Funding for research in international development often includes a focus on fair and equitable partnerships. Academics from the global North are increasingly encouraged by funders to include academic partners based in the global South and civil society practitioners in their research projects. But achieving this is complicated: partnership and research are both political. This case study is one of a set of resources that has been designed to help academics, NGOs, CSOs, research brokers and funders put principles for fair and equitable research partnerships into practice. The case study explores insights from Kate Newman of Christian Aid, who reflects on her experience of participating in an moderator panel for the Arts and Humanities Research Council (AHRC), convened to make funding recommendations to the AHRC based on a ‘Network Plus’ call funded by the Global Challenges Research Fund. It was Kate’s first time on an academic moderator panel, and she found the experience very challenging. She was not clear about her specific role on the panel (was she there to represent a civil society voice, or as an individual participating in a panel?), there were no clear criteria against which the proposals should be evaluated, and there were vastly different expectations of academic research and development impact across the panel. Kate asks questions and makes recommendations for future panels to enable better participation of civil society representatives on similar panels.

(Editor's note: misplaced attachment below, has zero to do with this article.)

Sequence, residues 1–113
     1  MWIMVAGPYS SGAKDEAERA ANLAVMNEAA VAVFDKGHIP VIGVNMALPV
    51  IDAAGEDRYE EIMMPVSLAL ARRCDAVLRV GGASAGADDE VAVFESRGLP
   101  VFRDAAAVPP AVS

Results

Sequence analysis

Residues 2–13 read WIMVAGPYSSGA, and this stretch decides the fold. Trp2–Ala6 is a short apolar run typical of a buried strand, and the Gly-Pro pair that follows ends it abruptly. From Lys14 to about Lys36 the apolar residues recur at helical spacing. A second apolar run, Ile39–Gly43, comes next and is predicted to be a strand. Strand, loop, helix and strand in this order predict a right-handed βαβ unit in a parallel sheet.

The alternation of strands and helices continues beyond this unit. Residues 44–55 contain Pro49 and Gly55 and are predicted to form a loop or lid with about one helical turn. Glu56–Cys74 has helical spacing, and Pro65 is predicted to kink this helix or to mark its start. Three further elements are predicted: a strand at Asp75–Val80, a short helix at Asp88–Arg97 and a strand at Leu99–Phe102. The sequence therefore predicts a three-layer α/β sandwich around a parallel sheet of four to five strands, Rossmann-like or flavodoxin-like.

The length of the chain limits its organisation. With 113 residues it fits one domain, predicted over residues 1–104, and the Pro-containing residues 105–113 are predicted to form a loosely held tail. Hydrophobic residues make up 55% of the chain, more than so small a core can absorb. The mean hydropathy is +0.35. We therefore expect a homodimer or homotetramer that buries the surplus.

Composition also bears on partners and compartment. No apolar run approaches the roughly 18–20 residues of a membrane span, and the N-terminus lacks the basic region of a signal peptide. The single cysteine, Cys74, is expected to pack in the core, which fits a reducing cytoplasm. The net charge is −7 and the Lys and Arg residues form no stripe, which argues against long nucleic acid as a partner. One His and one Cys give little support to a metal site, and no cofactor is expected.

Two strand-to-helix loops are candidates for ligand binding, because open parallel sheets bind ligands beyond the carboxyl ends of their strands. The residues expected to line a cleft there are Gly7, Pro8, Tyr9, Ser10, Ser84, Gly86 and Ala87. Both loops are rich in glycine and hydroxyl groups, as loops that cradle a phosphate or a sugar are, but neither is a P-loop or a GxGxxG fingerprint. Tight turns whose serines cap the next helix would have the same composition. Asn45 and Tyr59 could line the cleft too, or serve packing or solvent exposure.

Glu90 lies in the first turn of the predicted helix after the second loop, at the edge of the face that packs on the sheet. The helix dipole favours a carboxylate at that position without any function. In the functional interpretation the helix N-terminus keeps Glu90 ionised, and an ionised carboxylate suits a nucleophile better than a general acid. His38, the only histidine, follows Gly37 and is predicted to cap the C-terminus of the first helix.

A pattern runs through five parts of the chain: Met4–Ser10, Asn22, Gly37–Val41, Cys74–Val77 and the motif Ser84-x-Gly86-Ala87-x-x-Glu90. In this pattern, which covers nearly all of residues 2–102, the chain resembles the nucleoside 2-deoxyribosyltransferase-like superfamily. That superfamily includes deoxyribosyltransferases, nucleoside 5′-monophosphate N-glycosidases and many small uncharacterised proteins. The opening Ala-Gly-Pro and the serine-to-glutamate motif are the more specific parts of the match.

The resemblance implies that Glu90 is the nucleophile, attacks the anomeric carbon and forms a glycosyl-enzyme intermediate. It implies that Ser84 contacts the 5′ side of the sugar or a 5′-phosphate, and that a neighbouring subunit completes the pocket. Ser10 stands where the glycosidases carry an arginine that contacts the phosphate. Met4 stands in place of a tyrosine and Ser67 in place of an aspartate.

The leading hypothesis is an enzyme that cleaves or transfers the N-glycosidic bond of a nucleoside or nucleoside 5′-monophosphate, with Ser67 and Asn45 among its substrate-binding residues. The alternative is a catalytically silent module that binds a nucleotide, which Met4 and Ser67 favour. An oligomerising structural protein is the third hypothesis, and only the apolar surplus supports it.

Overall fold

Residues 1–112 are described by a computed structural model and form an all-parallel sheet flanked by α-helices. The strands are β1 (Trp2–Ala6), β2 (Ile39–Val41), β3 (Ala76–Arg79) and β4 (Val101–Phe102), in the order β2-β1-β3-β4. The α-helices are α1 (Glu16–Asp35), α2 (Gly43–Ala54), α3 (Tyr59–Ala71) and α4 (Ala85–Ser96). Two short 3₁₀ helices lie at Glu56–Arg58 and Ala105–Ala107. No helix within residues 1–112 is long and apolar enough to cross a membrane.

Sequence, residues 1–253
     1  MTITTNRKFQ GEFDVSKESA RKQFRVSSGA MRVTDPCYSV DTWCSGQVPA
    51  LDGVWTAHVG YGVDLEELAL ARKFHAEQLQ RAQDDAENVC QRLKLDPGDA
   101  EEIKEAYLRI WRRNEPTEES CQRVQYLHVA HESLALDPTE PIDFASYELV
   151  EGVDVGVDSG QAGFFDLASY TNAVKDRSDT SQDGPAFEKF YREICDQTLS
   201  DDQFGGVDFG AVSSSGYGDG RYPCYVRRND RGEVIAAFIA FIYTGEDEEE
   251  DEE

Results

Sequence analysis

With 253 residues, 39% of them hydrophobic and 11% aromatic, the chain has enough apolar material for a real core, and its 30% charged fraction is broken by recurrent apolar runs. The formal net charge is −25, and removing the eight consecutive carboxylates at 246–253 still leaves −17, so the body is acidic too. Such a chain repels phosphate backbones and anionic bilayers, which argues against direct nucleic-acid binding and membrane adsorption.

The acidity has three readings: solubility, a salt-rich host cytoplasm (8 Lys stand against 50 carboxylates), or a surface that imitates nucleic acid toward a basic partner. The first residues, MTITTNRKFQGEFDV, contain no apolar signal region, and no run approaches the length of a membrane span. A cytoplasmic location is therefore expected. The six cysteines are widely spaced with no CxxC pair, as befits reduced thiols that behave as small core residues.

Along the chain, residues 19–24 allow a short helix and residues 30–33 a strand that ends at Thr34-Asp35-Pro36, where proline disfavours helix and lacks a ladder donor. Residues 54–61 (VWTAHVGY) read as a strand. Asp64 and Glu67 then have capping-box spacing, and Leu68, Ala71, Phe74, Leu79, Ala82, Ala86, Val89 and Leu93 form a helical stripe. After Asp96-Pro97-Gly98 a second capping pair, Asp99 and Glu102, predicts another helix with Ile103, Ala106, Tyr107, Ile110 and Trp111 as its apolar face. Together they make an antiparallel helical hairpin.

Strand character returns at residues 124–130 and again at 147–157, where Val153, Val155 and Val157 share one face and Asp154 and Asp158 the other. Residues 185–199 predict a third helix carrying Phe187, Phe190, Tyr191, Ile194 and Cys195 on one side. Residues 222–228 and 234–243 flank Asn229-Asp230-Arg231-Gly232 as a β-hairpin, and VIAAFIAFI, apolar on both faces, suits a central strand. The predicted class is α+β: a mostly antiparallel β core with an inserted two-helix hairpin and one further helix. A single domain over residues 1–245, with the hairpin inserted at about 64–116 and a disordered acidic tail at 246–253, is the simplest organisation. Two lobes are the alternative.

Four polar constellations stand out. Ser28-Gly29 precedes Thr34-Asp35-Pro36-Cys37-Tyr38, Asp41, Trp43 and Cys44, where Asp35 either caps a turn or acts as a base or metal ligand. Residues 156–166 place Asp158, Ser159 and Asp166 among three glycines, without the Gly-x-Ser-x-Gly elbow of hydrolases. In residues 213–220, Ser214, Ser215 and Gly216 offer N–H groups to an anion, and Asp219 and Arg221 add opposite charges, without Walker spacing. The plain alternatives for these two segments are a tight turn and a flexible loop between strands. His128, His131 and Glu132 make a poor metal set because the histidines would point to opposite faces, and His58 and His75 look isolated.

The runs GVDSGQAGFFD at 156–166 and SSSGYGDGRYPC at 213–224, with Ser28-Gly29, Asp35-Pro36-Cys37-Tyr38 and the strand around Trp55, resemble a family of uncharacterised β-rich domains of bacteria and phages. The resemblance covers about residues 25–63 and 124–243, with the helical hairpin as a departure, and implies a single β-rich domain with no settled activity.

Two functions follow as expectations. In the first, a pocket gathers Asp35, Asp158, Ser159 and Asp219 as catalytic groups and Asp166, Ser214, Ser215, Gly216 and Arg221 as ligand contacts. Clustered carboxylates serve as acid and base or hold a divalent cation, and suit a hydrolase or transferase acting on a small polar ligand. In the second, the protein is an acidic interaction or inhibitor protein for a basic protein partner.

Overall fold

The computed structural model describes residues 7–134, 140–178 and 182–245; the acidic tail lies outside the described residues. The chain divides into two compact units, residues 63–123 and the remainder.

Research methodology: guide to process tracing and realist evaluation

Process tracing was first trialled as a new approach within a series of theory-based evaluations of Christian Aid’s governance portfolio in 2015. The aim was specifically to understand and evidence how Christian Aid and its partners’ accountability practices were contributing to building more (downwardly) accountable relationships more broadly in the context of Bangladesh. The evaluation team added elements of realist evaluation to their evaluation design, in order to allow for greater flexibility of the methodology and ‘user-friendliness’ of the findings. ‘Flexibility’ because selection of methodology in this case preceded the final agreement on evaluation questions, and combining the two different methodologies would provide more room for the evaluators to adapt and tailor the approach based on the eventually defined questions; greater ‘user-friendliness’ due to realist evaluation’s focus on potentially more actionable ‘what works where for whom?’ questions that would complement the more theoretical ‘tracing’ of competing explanations through process tracing.  This guide focusses primarily on the steps necessary to conduct process tracing but includes a brief section on how and where to combine this with realist evaluation. There is a list of selected references at the end of the document for those interested in further reading. Related research Bangladesh: accountable governance - a theory-based approach (process tracing)